Mark IRWIN1*, Gerald MAGUIRE2, and Annie BRADBERRY3
1 International Fluency Association firstname.lastname@example.org
2 National Stuttering Association email@example.com
3 International Stuttering Association firstname.lastname@example.org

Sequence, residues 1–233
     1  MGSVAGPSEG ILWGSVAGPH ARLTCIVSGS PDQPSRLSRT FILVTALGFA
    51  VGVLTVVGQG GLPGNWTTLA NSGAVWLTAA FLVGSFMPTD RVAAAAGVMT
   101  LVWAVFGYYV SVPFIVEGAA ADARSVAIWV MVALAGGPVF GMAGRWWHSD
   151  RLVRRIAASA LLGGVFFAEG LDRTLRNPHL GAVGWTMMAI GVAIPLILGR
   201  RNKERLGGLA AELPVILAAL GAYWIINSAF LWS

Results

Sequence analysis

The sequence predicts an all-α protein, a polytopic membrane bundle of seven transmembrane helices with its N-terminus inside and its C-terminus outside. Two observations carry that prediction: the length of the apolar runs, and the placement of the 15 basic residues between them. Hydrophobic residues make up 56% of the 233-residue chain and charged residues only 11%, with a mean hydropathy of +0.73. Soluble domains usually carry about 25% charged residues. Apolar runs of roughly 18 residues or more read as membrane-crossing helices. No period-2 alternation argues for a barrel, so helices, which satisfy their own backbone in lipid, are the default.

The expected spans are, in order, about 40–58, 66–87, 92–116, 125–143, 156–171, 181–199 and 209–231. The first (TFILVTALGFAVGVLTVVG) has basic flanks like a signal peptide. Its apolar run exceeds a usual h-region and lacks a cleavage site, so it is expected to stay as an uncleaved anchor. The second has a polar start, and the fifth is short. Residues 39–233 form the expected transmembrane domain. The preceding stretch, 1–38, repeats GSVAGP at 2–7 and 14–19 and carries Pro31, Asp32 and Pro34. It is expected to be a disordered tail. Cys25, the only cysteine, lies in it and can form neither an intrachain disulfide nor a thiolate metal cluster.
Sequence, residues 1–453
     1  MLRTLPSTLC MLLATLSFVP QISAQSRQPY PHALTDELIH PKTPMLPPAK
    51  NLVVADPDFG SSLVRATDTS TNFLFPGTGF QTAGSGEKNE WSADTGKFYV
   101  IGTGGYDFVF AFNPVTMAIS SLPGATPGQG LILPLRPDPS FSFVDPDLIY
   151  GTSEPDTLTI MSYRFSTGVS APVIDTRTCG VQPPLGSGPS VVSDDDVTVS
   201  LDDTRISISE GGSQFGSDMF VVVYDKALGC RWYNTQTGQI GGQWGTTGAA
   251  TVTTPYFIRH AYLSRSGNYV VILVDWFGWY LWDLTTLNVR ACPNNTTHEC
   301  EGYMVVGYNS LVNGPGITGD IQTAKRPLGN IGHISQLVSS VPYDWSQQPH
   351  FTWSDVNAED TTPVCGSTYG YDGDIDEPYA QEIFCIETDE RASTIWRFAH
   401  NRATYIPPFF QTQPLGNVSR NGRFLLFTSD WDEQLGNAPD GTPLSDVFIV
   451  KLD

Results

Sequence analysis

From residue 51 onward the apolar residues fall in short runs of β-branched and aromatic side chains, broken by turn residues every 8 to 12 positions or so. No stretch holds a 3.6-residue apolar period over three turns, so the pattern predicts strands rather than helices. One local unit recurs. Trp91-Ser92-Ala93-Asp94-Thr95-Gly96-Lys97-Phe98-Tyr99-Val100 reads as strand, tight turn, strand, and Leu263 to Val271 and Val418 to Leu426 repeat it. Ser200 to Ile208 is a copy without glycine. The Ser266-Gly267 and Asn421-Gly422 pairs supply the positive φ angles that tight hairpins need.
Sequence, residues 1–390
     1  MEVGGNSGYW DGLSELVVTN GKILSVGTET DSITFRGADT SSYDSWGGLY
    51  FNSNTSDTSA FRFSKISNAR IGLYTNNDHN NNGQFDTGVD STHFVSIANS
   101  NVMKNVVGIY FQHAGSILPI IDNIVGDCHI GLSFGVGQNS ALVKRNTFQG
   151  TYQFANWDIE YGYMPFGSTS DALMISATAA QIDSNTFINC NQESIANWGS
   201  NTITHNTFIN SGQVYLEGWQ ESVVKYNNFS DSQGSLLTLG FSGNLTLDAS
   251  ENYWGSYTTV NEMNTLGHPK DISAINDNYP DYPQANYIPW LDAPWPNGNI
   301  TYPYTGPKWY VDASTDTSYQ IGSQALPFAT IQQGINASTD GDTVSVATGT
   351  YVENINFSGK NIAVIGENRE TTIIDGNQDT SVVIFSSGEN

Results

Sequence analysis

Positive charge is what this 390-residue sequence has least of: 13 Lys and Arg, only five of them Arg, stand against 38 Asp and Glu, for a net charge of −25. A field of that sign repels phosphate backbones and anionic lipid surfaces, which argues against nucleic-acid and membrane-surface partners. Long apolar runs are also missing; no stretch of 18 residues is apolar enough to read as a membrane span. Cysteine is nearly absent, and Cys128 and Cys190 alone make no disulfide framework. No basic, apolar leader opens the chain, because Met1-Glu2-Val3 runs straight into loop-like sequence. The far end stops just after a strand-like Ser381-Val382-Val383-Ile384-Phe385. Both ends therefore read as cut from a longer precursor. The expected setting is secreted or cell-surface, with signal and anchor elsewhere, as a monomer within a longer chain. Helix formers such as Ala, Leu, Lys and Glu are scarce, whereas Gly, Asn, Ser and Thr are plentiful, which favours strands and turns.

Abstract: The stuttering disorder has been shown to be associated with the same quality of life impairment as stroke, diabetes and heart disease (Blumgart, Tran, & Craig, 2010) but it receives far less funding and is still poorly understood. Why is this so? What can be done? Thispaper sets out to discuss a possible solution to this situation through a particular consideration of stuttering and mental health. It follows an initiative of the International Fluency Association’s Self Help and Advocacy (SHA) Committee which had agreed in early 2018 to request the stuttering community adopt the concept of Stuttered Speech Syndrome where Social Anxiety Disorder, which is also known to negatively impact quality of life and fluency, interweaves with stuttering. The aim is to provide weight to long-standing research-based recommendations that speech language pathologists routinely screen for Social Anxiety Disorder and, where positive, collaborate with a licensed mental health professional in multi-disciplinary care. The need for this concept has been agreed by the National Stuttering Association and the International Stuttering Association.
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